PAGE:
ICMSA deputy president Pat McCormack
The Tipperary economy is ready to skim off any advantages the rise in butter prices will bring.
The deputy president of ICMSA, Tipperary farmer Pat McCormack, said that increased butter prices on wholesale markets were to be welcomed on the grounds that “it should and must” feed back into better prices for milk suppliers.
He stressed the very significant positive multiplier effect that a healthy milk price had in the Tipperary economy, given the county’s status as the second biggest milk producing area in the state after Cork.
Mr McCormack was commenting following reports in the British media that the UK and Europe won't have enough butter and cream to go around for the Christmas market.
“Butter supplies have suffered due to the strong availability and relatively cheaper price of its production partner, skimmed milk powder. That shortage has led to higher price increases for butter, certainly by comparison with whole milk powder and cheese, which have also increased, but not to the same extent,” he said.
However, he discounted any notion of shortages in the run-up to Christmas, saying that given the fact that European and world milk production was now rising year-on-year from April 2017, it was very unlikely that there will be butter shortages in the short-term.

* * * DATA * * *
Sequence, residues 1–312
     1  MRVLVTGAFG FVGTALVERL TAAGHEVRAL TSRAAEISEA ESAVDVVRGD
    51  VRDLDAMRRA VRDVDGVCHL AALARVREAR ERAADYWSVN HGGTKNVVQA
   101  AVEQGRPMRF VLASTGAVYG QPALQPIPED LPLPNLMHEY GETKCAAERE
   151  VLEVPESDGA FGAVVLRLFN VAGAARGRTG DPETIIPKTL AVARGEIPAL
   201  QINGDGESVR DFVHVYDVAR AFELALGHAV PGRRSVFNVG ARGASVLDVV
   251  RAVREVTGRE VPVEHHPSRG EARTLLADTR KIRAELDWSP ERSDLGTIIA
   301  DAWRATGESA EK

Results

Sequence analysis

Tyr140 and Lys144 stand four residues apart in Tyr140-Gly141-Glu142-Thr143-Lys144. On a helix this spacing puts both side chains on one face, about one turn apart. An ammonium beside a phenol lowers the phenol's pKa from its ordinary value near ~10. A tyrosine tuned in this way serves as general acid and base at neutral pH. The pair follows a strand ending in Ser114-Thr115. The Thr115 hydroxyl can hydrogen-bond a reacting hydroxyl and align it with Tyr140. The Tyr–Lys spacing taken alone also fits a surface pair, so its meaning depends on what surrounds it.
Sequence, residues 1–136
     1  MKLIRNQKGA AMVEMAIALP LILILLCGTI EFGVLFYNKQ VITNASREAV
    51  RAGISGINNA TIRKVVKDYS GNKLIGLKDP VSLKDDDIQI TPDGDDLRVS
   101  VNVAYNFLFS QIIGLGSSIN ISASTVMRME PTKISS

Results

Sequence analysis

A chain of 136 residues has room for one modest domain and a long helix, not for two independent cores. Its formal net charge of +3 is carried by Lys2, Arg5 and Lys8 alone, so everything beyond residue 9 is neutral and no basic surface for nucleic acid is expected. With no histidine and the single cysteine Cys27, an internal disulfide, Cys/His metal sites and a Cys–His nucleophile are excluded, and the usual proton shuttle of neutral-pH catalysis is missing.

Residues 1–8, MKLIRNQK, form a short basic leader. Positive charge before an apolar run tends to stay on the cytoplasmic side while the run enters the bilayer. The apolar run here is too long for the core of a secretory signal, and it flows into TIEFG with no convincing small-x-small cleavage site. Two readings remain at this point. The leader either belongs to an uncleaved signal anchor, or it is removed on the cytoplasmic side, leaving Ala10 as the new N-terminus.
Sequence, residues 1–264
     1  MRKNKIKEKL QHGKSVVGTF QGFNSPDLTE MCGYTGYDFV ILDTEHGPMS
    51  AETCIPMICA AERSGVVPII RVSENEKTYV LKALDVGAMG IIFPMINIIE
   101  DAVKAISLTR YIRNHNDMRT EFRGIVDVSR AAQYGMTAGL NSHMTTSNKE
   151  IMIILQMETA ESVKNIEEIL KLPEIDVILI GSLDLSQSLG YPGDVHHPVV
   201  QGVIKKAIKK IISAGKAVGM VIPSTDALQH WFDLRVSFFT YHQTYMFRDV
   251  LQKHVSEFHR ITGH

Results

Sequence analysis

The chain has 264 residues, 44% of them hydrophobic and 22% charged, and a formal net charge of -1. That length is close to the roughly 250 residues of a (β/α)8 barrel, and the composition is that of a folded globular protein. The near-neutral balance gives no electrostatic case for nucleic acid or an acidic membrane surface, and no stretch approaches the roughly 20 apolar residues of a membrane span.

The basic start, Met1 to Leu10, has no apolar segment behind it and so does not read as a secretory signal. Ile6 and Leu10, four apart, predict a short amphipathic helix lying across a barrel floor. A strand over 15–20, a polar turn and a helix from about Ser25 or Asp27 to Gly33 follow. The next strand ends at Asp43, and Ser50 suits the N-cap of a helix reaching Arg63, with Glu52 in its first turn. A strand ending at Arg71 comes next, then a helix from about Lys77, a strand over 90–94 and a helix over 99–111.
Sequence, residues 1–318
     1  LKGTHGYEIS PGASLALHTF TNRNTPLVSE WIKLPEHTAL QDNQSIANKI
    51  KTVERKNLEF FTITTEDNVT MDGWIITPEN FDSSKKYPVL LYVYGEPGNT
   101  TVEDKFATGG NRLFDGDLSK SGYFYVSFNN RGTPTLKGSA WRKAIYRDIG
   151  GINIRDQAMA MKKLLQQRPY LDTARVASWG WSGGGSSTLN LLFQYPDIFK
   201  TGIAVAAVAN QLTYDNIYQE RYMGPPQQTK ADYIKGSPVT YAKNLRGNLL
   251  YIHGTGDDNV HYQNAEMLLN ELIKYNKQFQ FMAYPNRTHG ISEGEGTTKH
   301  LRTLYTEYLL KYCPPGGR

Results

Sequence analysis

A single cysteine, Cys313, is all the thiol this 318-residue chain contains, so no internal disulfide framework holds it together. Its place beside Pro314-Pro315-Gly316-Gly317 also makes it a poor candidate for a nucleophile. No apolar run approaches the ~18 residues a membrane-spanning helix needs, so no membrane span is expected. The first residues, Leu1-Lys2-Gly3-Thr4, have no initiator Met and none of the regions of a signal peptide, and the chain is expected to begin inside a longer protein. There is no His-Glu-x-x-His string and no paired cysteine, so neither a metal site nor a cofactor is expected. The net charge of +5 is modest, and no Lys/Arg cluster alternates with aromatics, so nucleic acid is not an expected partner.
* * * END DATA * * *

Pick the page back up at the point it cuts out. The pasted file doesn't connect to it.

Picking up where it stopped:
“But we do expect prices to remain strong for the remainder of 2017 and we do expect that market strength to feed back into Tipp’s economy via the better milk prices that local milk suppliers will be receiving in a upward shift that we anticipate to be demonstrated in the next Ornua Index and in subsequent indexes through Q3 and Q4,” he said.
The deputy president pointed out that Tipperary produced about 15 per cent of all the milk in the State and Tipperary ICMSA will work to ensure that local policymakers always were cognizant of the scale and importance of our vital dairy sector.
The Christmas shortage fears have been fuelled by a 20 per cent hike in UK butter prices in the past year as farmers and producers struggle to cope with demand. Peder Tuborgh of dairy company Arla is quoted as saying” At Christmas, there will simply not be enough butter and cream around. We know that as an industry. We are trying to get as much butter andcream out of producers as we can.” He said that UK dairy farmers had “hit the brakes” with production down between 5 and 10 per cent.
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